AGRF is an alliance of partners that care about, commit to and drive inclusive agricultural transformation in Africa. Currently, these 23 partners include: Government of Rwanda, African Development Bank (AfDB), African Fertilizer and Agribusiness Partnership (AFAP), Alliance for a Green Revolution in Africa (AGRA), African Union, Bill & Melinda Gates Foundation, CGIAR, Corteva Agriscience, Technical Center for Agriculture and Rural Cooperation (CTA), Department for International Development, UK (DfID), Food and Agricultural Organization of the United Nations (FAO), IDH the Sustainable Trade Initiative, Grow Africa -a Centre of Excellence of the African Union Development Agency (AUDA-NEPAD), International Development Research Centre (IDRC), International Fund for Agricultural Development (IFAD), MasterCard Foundation, OCP Africa Group, Rockefeller Foundation, Southern African Confederation of Agricultural Unions (SACAU), Syngenta, UPL, USAID, and Yara International ASA.
Africa’s cities and food markets are rapidly expanding. Between cities like Lagos and Nairobi, secondary cities like Kumasi and Mbeya, and tertiary cities like Beira and Musanze, Africa’s cities and urban areas now include more than 421 million people.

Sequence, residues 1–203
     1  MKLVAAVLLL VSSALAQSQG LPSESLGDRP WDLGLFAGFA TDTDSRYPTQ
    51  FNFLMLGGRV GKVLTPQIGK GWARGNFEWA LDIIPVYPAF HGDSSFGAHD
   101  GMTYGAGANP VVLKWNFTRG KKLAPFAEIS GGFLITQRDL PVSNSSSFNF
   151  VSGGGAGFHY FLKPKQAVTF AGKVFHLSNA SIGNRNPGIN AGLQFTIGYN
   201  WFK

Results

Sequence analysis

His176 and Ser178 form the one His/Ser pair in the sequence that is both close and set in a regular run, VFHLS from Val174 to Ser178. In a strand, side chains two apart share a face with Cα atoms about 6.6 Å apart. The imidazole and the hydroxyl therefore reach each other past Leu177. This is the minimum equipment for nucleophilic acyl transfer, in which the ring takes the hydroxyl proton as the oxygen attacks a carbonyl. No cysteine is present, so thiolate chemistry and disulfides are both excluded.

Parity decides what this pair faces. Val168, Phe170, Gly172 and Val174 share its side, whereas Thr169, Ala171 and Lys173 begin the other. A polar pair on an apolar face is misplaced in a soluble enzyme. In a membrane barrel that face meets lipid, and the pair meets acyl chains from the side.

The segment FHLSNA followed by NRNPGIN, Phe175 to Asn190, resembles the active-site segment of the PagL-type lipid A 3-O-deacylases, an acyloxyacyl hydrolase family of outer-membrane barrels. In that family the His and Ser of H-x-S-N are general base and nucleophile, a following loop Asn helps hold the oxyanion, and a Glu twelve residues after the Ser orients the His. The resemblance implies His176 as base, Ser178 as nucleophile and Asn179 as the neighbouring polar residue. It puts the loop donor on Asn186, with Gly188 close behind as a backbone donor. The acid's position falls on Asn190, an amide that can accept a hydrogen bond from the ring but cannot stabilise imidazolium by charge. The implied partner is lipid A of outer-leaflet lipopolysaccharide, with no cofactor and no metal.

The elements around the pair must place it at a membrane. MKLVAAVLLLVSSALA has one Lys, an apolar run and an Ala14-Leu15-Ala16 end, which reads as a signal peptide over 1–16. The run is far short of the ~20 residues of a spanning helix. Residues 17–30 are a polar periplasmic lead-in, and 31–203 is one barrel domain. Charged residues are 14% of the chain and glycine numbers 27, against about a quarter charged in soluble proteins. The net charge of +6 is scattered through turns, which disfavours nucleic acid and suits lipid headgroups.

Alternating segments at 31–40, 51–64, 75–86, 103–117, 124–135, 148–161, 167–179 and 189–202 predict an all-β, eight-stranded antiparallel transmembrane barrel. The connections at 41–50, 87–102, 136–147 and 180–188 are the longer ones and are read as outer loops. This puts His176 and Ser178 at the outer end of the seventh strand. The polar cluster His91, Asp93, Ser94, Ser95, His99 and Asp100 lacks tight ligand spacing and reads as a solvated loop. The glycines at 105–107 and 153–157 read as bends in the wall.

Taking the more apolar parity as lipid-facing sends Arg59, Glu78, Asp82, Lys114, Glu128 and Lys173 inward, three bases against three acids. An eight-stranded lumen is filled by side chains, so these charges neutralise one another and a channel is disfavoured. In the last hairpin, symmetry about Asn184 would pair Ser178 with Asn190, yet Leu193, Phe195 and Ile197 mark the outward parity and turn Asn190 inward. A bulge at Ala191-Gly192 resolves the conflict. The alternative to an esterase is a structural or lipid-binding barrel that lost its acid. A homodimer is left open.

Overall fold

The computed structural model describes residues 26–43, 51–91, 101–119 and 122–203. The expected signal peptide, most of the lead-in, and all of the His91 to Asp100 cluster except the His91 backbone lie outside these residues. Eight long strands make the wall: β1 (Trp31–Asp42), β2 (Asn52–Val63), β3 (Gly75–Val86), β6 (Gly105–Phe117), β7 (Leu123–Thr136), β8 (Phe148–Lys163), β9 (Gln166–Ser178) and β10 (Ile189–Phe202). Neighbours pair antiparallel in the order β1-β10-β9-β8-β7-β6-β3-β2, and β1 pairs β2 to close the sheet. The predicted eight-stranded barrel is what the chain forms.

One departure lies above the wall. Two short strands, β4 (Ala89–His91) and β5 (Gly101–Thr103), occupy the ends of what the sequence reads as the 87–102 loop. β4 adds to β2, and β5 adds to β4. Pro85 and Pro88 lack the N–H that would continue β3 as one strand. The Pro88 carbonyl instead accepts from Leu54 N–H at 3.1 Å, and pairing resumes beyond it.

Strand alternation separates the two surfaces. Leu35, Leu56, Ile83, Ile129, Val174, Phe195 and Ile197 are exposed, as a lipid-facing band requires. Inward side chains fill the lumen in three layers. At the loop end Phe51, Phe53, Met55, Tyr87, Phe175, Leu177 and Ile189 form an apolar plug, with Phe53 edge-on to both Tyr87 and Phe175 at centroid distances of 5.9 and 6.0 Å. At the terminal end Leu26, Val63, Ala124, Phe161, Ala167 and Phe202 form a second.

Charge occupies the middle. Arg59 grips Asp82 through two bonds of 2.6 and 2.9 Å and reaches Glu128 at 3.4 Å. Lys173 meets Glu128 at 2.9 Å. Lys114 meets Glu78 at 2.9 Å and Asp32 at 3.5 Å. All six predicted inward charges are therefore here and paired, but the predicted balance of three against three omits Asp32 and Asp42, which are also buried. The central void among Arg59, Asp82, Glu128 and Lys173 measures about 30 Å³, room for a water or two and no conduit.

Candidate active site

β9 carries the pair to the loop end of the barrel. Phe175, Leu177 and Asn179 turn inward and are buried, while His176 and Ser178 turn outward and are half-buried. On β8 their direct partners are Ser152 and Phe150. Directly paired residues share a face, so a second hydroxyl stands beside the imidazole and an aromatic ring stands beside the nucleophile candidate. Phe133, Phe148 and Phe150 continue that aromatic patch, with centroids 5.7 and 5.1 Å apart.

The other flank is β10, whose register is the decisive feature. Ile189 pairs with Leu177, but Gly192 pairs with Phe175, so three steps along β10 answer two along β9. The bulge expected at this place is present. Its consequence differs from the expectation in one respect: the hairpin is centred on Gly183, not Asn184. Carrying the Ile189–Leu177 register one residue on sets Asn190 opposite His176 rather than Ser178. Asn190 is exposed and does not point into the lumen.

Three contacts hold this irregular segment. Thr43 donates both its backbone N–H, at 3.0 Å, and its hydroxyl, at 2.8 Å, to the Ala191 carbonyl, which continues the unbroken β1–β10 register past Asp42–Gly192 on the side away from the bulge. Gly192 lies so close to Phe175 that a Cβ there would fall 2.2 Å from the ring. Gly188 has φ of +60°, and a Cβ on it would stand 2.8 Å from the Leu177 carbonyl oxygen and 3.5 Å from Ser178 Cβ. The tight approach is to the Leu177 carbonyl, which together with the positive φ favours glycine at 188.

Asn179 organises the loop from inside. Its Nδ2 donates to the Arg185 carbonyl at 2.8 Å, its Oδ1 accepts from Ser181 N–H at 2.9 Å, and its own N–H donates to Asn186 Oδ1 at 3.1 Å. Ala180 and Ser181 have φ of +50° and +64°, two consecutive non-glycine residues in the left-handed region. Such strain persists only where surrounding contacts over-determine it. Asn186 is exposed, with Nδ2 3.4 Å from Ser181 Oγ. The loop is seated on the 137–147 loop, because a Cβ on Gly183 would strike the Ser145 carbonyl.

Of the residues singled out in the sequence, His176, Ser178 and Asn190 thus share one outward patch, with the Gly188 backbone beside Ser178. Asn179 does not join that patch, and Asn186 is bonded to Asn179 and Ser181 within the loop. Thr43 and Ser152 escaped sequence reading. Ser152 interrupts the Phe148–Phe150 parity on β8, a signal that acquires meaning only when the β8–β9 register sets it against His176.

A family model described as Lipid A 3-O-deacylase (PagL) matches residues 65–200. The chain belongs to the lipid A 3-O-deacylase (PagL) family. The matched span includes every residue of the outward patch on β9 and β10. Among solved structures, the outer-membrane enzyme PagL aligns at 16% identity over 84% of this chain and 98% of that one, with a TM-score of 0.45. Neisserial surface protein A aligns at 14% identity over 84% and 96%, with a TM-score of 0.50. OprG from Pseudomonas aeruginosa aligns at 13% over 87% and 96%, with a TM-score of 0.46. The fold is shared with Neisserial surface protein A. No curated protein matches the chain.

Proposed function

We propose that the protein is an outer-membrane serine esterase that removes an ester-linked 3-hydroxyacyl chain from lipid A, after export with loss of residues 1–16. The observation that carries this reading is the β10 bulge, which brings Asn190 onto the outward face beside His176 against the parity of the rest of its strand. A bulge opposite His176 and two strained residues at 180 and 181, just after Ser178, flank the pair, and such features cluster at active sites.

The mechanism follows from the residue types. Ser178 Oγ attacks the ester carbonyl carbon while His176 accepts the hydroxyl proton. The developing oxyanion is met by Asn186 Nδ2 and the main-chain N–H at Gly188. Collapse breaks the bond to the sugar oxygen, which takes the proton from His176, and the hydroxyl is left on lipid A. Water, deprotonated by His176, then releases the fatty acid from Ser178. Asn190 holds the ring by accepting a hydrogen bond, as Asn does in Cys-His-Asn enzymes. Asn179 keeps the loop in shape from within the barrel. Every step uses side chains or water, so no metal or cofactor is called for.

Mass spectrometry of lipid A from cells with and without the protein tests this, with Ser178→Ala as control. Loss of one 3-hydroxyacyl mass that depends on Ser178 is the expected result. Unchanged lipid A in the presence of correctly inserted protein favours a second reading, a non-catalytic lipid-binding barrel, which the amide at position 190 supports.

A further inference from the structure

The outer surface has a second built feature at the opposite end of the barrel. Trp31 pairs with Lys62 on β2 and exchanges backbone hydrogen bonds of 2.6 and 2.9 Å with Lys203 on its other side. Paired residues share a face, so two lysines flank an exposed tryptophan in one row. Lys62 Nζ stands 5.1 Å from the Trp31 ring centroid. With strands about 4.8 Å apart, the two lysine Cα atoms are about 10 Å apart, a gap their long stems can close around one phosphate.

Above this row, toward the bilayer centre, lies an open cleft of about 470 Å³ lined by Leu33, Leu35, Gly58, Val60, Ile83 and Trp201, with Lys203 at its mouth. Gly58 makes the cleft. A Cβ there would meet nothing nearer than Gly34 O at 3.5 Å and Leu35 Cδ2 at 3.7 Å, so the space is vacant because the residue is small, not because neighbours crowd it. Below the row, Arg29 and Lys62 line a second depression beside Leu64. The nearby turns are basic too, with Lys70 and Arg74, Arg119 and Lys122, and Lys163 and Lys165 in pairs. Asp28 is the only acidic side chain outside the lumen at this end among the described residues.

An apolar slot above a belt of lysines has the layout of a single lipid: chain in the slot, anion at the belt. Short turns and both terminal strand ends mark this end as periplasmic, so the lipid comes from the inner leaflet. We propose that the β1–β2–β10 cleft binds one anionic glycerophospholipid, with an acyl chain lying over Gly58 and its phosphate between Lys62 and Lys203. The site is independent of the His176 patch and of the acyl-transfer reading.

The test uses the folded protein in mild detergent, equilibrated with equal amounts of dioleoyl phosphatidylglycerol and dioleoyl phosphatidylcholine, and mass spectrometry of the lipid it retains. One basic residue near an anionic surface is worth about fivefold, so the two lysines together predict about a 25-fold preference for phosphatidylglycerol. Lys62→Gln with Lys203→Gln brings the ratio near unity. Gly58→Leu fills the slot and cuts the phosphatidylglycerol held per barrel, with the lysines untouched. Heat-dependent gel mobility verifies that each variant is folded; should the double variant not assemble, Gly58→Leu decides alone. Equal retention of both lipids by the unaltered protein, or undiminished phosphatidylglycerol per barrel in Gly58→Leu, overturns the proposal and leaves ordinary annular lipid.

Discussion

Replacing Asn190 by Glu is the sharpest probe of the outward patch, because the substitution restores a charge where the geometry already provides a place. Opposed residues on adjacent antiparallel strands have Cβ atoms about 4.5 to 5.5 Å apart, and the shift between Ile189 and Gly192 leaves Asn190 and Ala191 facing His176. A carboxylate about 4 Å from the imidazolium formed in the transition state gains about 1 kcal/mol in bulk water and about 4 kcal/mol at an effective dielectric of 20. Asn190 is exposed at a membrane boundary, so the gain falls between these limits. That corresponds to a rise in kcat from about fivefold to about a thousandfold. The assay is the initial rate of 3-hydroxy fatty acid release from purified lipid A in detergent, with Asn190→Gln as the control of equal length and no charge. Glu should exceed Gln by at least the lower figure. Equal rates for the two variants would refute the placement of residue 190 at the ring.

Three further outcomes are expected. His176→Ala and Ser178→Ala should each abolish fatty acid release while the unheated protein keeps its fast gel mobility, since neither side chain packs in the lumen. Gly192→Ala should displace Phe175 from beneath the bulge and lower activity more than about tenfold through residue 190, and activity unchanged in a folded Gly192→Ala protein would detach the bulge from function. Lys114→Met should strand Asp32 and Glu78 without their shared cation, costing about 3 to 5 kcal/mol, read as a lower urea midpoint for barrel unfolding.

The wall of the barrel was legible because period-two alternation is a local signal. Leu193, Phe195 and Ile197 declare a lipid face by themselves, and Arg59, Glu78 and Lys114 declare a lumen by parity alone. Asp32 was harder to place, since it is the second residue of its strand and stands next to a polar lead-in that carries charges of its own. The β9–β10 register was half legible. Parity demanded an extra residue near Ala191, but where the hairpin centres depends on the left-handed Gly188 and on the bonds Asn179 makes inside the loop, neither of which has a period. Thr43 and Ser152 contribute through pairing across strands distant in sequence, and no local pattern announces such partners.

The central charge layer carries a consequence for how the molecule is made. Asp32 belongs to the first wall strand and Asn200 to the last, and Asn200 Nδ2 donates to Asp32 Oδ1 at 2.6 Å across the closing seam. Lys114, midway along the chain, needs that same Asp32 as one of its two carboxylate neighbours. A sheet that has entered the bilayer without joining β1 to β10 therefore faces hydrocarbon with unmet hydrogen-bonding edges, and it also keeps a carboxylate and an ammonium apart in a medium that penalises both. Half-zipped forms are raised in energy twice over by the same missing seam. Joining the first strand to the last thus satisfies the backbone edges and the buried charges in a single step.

These vibrant hubs comprise an ever-growing number of consumers, diversity of incomes, diversity in diets, and therefore diversity in demand for food. Similarly, this food is being provided in an ever-growing number of ways, whether directly from farmers’ markets, a growing number of mini- and super-markets, food delivery services to a household door, and a burgeoning restaurant and emerging food truck scene for people at varying income levels.
On the one hand, you have some of the largest concentrations of poverty, unemployment and underemployment, and people seeking basic food security. Millions of these individuals don’t own land and can’t produce food themselves, so they need to access it however they can and often at the cheapest price.
On the other hand, you have a fast-growing middle and upper class in many places, seeking fresh, high quality produce and markets that cater to particular tastes. Food delivery services like Jumia and UberEats are bringing food directly to people’s doorsteps and offices. These trends will only continue, with African urbanization happening at twice the global rate, and Africa’s cities set to double in size to more than 1 billion people in the next 20 years.
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